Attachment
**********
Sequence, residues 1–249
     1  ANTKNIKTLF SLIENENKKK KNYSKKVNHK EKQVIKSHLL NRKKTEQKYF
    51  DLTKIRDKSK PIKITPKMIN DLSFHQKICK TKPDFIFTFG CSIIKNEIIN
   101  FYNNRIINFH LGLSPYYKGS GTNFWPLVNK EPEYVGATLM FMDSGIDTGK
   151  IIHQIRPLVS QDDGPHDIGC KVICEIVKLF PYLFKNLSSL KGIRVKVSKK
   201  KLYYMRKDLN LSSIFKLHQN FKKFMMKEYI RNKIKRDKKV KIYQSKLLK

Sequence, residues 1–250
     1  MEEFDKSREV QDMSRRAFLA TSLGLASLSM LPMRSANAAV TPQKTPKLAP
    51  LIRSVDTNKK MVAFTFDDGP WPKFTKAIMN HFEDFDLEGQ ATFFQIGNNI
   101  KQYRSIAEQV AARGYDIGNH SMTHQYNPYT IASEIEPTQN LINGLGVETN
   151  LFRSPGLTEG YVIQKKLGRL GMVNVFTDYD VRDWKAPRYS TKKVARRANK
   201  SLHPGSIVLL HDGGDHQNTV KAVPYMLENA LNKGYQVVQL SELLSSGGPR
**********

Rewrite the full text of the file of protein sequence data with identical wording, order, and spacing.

Sequence, residues 1–249
     1  ANTKNIKTLF SLIENENKKK KNYSKKVNHK EKQVIKSHLL NRKKTEQKYF
    51  DLTKIRDKSK PIKITPKMIN DLSFHQKICK TKPDFIFTFG CSIIKNEIIN
   101  FYNNRIINFH LGLSPYYKGS GTNFWPLVNK EPEYVGATLM FMDSGIDTGK
   151  IIHQIRPLVS QDDGPHDIGC KVICEIVKLF PYLFKNLSSL KGIRVKVSKK
   201  KLYYMRKDLN LSSIFKLHQN FKKFMMKEYI RNKIKRDKKV KIYQSKLLK

Sequence, residues 1–250
     1  MEEFDKSREV QDMSRRAFLA TSLGLASLSM LPMRSANAAV TPQKTPKLAP
    51  LIRSVDTNKK MVAFTFDDGP WPKFTKAIMN HFEDFDLEGQ ATFFQIGNNI
   101  KQYRSIAEQV AARGYDIGNH SMTHQYNPYT IASEIEPTQN LINGLGVETN
   151  LFRSPGLTEG YVIQKKLGRL GMVNVFTDYD VRDWKAPRYS TKKVARRANK
   201  SLHPGSIVLL HDGGDHQNTV KAVPYMLENA LNKGYQVVQL SELLSSGGPR